A Project Update, Thanks and Personal Account from Dr Mohammed Rahman, Doctors Worldwide Volunteer and Pilot Project Coordinator.

A Project Update, Thanks and Personal Account from Dr Mohammed Rahman, Doctors Worldwide Volunteer and Pilot Project Coordinator.

I travelled to Bangladesh in February 2018 to co-ordinate a new Doctors Worldwide project – the Postgraduate Fellowship in Migrant and Refugee Health. This six-month project will look at the feasibility of using UK-trained doctors to deliver health education in a relief setting, using modern educational techniques, and teaching materials that have been developed in direct response to local problems. Following assessment visits to Cox’s Bazar in November and December 2017, and close discussions with doctors, project managers and development workers on the ground, we identified Teaching, Training and Capacity Building as key areas in need of support. In January, an engagement event in London was well attended and supported by experienced health professionals, many of whom subsequently volunteered their time to develop the course. Fuelled by this support, Doctors Worldwide embarked on an ambitious project to strengthen the skills and capacity of front line staff responding to the Rohingya crisis. I just returned back to the UK from Bangladesh earlier this week, having attended the first two training sessions as part of our pilot project. I am pleased to report that the sessions were attended at full capacity, with 20 frontline doctors and healthcare workers participating. Training and supervision was delivered by 4 volunteer GPs from the UK, with additional support from senior local faculty and educators. We received very positive initial feedback, and a more detailed report will follow after an in-depth evaluation of these first 2 weeks, taking into account the perspective of all those involved.

Photo: Sayeed

London based GP, Dr Mohammed Rahman, arrives in Cox’s Bazar, Bangladesh to launch the Fellowship in Refugee Health.

I became a doctor in order to help people. When I hear about human suffering, disability and loss of life, I look to myself and to my skills, to see if there is something more that can be done. It can feel suffocating to consider the extent of worldwide suffering, but ignoring this suffering is not an option. Ultimately, the solutions lie with politicians, experts and world leaders, but this does not excuse me of my responsibility to help. The Rohingya refugee crisis is one in which there are more problems than solutions. There are critically high levels of malnutrition in this population. There is widespread trauma and a very low level of health literacy. The annual cost of supporting the refugees is £1bn and the refugees now find themselves living in the one of the most densely populated countries in the world, which is struggling with its own problems with poverty and climate change.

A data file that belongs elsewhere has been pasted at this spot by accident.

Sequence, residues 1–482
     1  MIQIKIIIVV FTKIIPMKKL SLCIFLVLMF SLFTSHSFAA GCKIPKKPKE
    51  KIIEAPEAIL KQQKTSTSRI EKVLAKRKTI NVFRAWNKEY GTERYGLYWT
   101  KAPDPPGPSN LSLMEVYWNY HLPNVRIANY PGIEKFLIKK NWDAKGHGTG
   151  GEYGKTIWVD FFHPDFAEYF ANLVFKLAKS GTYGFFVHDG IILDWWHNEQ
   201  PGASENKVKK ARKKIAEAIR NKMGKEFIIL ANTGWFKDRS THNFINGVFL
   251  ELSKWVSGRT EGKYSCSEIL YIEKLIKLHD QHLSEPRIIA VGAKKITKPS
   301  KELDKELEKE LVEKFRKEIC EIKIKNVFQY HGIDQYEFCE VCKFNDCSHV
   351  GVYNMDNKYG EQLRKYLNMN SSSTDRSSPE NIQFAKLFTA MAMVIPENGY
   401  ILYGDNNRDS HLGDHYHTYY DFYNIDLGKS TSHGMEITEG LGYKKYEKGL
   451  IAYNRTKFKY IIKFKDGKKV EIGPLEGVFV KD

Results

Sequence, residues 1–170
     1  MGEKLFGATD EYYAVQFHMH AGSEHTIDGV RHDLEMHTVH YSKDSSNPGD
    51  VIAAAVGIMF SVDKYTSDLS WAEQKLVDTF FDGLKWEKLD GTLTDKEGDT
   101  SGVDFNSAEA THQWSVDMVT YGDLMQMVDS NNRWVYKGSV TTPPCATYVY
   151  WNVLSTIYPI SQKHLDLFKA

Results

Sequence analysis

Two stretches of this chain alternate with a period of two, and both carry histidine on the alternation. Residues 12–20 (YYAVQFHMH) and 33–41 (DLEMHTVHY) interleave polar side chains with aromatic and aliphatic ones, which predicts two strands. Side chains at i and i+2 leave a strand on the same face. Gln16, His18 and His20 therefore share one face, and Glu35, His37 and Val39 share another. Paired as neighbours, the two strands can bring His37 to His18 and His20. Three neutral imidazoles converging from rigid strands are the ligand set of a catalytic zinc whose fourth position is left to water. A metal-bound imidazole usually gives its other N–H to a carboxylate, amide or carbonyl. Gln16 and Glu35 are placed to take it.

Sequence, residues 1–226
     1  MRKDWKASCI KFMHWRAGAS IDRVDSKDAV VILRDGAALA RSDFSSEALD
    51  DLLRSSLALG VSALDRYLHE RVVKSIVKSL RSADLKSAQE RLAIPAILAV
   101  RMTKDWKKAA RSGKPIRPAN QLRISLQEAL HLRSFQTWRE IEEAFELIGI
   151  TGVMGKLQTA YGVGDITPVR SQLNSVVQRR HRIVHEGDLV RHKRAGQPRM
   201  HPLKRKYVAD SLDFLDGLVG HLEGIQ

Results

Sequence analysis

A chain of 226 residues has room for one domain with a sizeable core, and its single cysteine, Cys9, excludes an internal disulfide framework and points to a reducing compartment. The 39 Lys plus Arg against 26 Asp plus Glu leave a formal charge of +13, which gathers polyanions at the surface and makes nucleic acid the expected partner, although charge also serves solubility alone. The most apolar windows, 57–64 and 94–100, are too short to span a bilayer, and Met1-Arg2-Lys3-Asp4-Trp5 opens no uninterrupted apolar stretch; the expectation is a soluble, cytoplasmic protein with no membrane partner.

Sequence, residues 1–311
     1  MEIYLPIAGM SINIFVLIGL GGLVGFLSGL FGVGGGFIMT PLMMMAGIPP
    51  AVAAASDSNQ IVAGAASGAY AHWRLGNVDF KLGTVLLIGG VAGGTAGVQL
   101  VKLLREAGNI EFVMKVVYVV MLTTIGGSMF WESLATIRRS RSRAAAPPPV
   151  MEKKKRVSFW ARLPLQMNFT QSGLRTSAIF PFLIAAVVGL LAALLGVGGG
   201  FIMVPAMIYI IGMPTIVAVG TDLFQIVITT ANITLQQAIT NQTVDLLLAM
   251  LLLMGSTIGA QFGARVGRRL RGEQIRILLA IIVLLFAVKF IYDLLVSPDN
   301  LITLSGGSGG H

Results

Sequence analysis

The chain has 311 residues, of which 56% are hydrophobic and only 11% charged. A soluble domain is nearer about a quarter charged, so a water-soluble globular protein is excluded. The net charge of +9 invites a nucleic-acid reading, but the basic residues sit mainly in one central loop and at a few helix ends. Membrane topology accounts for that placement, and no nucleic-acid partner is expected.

The numbers affected by this crisis are staggering – 720,000 children in need of humanitarian assistance and a total of 1.2 million people in need. The horrific stories coming from the refugees, have been described as ‘textbook examples of ethnic cleansing’ and ‘hallmarks of genocide’. The images from my last two visits are fresh in my mind – a 15 year old boy with a broken arm; an 18 month old child gasping for air; a 9 year old girl desperately avoiding eye contact and a 53 year old lady who was expressionless and struggling to speak. I have had the honour to travel on behalf of Doctors Worldwide to the refugee camps in South Eastern Bangladesh and to be the first doctor to tend to some of these brave people who travelled for days to escape unimaginable scenes in their home villages.

Dr Mir Ahmed, A&E Consultant, with health professionals working in the Rohingya refugee camps, on the first day of teaching.

Front line staff have an incredibly difficult and tiring job to do, and it was wonderful to see their energy and their enthusiasm for the educational sessions. I am hopeful that this marks the start of a landmark piece of work which will have a significant impact on health professionals and patients and I am optimistic that we can empower this brave cohort to make a difference to the traumatised people they are seeing on a daily basis.

From inception, this project has been reliant on volunteer effort. The significant contribution made by each and every volunteer has allowed this project to be developed and launched in just two months. This is an exceptionally short space of time to develop a professional training course and I am deeply grateful for all your time, effort, thoughts and prayers.

I am particularly grateful to Dr Imran Siddiq, Dr Mizanul Hoque, Dr Hafiz Uddin, Dr Abid Shoaib, Dr Sonia Tsukagoshi, Dr Rizwan Ashiq, Dr Tahera Ruba and Dr Zaid Harmoodi, who all worked exceptionally hard along with their teams to ensure that we now have a strong base from which to develop this project further. In addition, it goes without saying that a special mention of appreciation is due to Doctors Worldwide who have rapidly scaled up their operational capacity to help implement this unique and vital project.

With thanks, Dr Mohammed Owais Mahmudur Rahman, Pilot Co-ordinator, Fellowship in Refugee Health.

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